Posted by Lori Ayre on August 27, 2006

According to the Electronic Privacy Information Center (EPIC), even the Department of Homeland Security's (DHS) Office of the Inspector General is concerned about the use of RFID tags.

According to EPIC, the DHS Inspector General recently (July 27, 2006) issued a report that found a "lack of systematic inventories of RFID technology and consistent policies, and identified security concerns
regarding user access permissions, password management, and auditing in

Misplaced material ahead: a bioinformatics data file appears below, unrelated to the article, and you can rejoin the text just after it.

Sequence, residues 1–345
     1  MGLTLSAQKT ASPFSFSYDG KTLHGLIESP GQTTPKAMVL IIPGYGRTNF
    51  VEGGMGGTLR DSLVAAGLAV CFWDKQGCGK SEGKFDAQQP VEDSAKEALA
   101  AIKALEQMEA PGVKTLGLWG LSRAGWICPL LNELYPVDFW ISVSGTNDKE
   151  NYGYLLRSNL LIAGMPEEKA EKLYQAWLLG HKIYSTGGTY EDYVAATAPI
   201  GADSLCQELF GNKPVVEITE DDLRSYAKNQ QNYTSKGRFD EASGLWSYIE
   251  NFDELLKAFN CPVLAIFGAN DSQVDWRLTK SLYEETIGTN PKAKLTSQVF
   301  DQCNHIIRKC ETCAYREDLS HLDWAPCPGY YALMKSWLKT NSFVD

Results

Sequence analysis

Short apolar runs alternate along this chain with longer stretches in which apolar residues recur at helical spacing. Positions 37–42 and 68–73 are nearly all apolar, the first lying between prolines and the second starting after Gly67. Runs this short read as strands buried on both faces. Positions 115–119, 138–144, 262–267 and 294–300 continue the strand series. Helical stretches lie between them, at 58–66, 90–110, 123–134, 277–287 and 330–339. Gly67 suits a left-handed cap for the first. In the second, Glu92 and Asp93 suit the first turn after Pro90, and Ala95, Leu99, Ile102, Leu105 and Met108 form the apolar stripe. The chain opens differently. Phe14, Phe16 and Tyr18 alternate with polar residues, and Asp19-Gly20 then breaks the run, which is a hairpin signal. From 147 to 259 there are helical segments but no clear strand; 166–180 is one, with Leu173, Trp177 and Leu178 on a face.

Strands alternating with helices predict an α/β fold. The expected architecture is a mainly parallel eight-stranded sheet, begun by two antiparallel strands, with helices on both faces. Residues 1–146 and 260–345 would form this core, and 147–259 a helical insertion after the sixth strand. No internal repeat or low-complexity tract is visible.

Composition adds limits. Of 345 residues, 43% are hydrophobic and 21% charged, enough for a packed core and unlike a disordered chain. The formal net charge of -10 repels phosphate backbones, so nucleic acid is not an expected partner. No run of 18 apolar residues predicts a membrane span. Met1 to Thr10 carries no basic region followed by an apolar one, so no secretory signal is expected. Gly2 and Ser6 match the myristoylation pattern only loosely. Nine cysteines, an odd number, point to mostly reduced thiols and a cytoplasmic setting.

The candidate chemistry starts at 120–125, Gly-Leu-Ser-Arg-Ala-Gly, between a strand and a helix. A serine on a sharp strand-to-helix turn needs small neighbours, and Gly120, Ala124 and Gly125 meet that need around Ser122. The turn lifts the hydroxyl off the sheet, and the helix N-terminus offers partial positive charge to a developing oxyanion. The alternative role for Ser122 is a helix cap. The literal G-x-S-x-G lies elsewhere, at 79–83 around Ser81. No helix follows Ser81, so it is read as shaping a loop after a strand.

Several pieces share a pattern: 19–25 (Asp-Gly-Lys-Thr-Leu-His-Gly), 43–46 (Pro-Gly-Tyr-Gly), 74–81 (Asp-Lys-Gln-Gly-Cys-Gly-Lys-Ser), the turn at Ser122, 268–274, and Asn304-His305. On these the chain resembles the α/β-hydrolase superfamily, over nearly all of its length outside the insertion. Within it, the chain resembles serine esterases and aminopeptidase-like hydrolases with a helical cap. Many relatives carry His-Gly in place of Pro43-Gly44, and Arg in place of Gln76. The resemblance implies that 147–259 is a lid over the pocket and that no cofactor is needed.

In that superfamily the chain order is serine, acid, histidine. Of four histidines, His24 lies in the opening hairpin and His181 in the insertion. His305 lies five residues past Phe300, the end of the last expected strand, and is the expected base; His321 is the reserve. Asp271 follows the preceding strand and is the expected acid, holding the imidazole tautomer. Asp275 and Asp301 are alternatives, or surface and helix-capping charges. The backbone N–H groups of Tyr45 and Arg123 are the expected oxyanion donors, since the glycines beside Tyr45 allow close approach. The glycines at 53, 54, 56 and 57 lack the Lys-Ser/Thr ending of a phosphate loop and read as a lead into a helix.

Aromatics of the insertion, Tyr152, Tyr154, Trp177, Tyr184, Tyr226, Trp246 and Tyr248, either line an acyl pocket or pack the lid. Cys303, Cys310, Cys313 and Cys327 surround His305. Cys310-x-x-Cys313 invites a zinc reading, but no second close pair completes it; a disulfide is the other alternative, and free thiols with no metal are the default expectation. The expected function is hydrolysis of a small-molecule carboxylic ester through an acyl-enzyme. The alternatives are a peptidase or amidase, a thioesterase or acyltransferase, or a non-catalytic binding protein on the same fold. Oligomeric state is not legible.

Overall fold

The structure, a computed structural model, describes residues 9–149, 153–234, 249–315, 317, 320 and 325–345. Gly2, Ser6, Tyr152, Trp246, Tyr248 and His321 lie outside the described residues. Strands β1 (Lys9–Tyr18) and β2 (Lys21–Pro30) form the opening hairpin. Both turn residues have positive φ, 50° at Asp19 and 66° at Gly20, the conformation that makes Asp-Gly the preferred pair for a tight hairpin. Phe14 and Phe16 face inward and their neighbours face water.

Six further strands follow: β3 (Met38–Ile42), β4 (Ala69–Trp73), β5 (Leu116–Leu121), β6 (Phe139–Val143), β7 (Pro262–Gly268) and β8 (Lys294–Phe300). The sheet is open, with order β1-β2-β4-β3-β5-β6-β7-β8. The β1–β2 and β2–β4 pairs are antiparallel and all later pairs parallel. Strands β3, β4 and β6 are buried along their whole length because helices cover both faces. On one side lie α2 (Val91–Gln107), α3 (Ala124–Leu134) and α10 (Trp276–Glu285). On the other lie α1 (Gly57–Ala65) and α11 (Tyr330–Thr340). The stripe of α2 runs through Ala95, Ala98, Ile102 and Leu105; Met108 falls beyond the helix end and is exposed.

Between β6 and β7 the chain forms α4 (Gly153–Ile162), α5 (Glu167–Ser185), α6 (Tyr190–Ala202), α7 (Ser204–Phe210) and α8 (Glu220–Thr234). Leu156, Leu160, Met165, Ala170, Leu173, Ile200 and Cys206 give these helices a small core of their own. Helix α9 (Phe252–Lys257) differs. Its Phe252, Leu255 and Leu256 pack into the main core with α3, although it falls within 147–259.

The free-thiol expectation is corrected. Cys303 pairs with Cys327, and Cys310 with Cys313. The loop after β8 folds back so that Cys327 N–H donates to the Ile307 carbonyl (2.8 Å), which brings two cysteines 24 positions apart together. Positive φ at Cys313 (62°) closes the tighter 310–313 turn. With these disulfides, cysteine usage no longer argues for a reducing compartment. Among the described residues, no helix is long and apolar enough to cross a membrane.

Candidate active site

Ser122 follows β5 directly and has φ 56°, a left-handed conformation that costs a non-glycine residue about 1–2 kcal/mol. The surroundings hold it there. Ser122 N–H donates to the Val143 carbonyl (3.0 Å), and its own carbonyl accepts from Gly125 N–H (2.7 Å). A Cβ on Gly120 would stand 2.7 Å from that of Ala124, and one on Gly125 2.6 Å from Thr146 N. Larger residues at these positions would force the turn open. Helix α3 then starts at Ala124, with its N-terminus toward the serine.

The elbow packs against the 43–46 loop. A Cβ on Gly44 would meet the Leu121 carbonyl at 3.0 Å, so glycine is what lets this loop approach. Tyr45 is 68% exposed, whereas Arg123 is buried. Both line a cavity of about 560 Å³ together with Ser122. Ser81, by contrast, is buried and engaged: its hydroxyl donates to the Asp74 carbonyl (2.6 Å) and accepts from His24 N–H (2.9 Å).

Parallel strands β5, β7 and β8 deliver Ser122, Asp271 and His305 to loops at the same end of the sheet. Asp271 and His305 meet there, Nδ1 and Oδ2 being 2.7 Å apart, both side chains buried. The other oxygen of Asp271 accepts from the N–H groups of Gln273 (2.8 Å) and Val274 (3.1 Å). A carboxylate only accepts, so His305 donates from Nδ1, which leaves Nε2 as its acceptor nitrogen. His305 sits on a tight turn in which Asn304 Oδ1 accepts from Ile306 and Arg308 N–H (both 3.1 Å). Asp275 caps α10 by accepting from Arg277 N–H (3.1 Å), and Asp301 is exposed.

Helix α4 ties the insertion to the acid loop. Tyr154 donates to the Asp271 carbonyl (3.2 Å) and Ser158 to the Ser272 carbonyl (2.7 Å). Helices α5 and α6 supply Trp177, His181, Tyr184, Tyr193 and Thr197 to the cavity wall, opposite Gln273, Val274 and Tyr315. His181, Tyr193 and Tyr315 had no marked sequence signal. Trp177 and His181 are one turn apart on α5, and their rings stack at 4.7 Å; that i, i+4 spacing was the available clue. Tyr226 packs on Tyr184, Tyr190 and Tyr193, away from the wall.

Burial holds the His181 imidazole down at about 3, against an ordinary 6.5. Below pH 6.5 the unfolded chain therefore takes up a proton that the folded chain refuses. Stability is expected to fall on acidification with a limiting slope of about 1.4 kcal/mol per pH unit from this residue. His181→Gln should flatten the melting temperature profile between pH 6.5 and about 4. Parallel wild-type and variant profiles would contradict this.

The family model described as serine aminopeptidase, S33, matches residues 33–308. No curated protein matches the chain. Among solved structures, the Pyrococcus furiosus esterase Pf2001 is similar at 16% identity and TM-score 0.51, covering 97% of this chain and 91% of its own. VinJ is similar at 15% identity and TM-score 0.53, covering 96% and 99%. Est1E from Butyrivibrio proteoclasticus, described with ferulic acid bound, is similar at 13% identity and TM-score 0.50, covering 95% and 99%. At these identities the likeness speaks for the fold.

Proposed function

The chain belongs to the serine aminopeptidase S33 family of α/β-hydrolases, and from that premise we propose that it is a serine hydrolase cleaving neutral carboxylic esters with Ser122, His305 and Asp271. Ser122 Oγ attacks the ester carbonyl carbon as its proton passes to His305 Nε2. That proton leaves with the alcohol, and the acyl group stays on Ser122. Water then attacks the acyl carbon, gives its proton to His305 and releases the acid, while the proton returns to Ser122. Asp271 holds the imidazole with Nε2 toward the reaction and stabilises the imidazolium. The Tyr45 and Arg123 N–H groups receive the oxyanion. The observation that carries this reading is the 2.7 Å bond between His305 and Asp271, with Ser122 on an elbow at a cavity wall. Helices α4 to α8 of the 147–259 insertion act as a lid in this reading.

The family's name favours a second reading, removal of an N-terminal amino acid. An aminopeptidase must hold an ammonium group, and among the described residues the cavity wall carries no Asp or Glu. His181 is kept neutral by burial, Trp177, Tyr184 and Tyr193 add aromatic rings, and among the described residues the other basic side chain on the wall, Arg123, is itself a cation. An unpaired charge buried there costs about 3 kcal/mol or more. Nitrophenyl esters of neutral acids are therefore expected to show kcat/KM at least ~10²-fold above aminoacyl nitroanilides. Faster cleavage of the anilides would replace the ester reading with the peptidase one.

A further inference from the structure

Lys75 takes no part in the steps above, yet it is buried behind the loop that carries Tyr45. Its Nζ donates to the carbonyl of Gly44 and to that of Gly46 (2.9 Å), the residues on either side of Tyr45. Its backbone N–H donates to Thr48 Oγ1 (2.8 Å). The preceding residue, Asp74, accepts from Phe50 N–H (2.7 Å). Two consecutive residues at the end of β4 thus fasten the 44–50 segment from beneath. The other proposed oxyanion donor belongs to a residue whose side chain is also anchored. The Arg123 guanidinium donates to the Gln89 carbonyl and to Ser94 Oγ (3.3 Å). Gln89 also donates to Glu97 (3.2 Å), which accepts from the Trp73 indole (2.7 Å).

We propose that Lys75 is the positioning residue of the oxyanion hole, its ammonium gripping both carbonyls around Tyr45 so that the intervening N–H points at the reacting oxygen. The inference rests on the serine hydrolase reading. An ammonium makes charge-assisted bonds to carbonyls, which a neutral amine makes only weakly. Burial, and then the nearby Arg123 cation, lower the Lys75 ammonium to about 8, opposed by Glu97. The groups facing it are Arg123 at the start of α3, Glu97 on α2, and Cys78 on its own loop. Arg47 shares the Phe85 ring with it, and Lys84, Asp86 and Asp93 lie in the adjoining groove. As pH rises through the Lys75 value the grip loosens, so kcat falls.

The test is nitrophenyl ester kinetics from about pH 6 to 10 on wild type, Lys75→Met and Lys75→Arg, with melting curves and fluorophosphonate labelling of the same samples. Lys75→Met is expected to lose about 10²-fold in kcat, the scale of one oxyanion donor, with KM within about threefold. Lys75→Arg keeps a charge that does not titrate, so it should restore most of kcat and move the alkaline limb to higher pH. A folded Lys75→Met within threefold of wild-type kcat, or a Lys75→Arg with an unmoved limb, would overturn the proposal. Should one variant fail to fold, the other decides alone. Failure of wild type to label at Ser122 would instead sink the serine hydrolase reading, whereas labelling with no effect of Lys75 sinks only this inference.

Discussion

the Department's RFID databases." The report says that in the absence of "adequate security measures", data on the tag "can be read by a variety of authorized and
unauthorized readers".

The report entitled Additional Guidance and Security Controls Are Needed Over Systems Using RFID at DHS (Redacted) found that "security controls were not always present in developing systems, creating the risk that many systems under development would not be adequately tested prior to their application in the real world."

Although the report is talking about RFID tags in immigration documents and passwords, I submit that library RFID systems would qualify as "under development" too. 'Nuf said.

For more on RFID from EPIC, see